Dr. Hugo Stickney

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Dr. Hugo Stickney

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Born in Vermont in 1855, Hugo Stickney lived there until he graduated from Dartmouth Medical College in 1883. According to his daughter Dorothy, the "promise of magic and enchantment"^' brought the young doctor west, and he came directly to the pioneer town of Dickinson to open his office and begin the practice of medicine. Every few years he returned to the East to visit and renew his skills, but always the allure of the West drew him back. His wife-to-be, Miss Maggie Hayes, waited for two years in Vermont while Dr. Stickney made living arrangements in Dickinson. She boarded the train for Dakota Territory, and was met in Mandan by Dr. Stickney, who told her "We will be married here, Maggie. This is the only place where there is a priest. The train will wait for us." The train waited 20 minutes, the couple was married, and the Stickney's Journeyed on to Dickinson, where they lived until she died in 1921. The exquisite wedding dress she had spent two years making by hand was never worn. The wedding dress, as well as other Stickney memorabilia, was donated to the Joachim Museum in Dickinson. Dr. Stickney took an active part in the growth of Dickinson. He became involved in stock-raising, banking, and real estate. He was instrumental in the movement to establish the college in Dickinson. The Slope Teacher of August 17, 1927, in an article entitled "Benefactor of D.S.N. is Dead" said: "In 1914 he was the oldest Northern Pacific surgeon in years of service, he was at one time president of the North Dakota Medical Association; he was an early Stark County superintendent of schools from 1890 to 1894; he was active in the politics of the Republican party; for many years he was vice-president of the First National Bank of Dickinson; he was a big rancher; he was director of the Roosevelt Memorial Association, he acted as a very efficient medical aid to Governor Frazier during the World war [sic]; he took part in several affiliations of this city." Another article in the school paper" remarked that Dr. Stickney served an area reaching east to Mandan, west to Glendive, MT, south to the Black Hills, and north to the Canadian border. He practiced in a ranchland composed of 50,000 square miles, but always spoke of it as "...God's country in the fullest sense of the word. He operated under crude conditions, as there was no hospital in the vicinity. He sterilized his instruments in a Dutch oven, and administered his own anesthetic. Sometimes when he was many miles from a prairie home he would wrap himself in a tarp and sleep out in the open.... Sometimes when he was caught in a blizzard he would seek shelter in a brush patch or out of the wind near a butte or a large boulder. If he was on his way home in his sleigh he would loose the reins and let his horses find their way home.” “He was a welcome friend of almost every family in the entire area many people remember him with thankfulness and his 44 years of service to this area are an unthinkable gift of love and dedication.” Mrs. Stickney was deeply involved with work for the American Red Cross during WWI, and labored tirelessly during the Spanish Infulenza epidemic of 1917-18. She died in 1919. The Stickney’s had two daughters, Marjorie Stickney Nachtwey, and Dorothy, Mrs. Howard Lindsay, of Broadway acting fame. The first building at the new college was officially launched on June 27, 1921, with Dr. Stickney presenting the main address. The building was named after him and Mrs. Stickney as recognition of the services they had rendered to the community of Dickinson and the new college. In 1955 a portrait of Dr. Stickney was hung in the lounge of the dormitory which bears his name. The portrait of the cowboy doctor was a gift from his daughter, Miss Dorothy Stickney Lindsay, and portrays him as captain in the medical corps, a position which he held during WWI. Dr. Stickney died in 1927.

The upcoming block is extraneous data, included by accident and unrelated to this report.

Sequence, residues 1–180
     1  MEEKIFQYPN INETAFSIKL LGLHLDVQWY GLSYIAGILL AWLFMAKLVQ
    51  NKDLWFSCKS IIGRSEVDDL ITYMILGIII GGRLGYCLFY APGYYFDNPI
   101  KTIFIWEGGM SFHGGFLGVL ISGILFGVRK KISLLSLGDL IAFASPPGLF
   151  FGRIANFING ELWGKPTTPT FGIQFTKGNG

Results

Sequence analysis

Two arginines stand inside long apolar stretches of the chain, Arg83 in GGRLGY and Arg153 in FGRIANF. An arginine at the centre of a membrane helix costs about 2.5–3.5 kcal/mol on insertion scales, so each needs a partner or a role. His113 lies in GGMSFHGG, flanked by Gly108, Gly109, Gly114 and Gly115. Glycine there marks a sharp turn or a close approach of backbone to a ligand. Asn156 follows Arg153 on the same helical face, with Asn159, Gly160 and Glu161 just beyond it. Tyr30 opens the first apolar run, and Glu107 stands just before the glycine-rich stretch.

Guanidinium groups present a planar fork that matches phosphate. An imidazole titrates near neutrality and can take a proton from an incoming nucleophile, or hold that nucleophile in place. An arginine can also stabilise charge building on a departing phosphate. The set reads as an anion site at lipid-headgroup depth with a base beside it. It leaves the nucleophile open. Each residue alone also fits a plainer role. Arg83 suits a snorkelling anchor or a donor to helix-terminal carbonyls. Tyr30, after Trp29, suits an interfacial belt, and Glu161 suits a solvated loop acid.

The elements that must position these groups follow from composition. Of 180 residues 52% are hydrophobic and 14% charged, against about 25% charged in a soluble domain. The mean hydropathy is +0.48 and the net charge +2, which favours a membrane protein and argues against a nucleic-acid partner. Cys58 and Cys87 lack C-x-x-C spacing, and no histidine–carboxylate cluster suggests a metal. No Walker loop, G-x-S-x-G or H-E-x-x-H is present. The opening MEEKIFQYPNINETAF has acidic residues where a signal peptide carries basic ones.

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“Dr. Hugo Stickney ,” Dickinson State University Archive, accessed November 13, 2018, http://www.dsuarchive.com/items/show/33.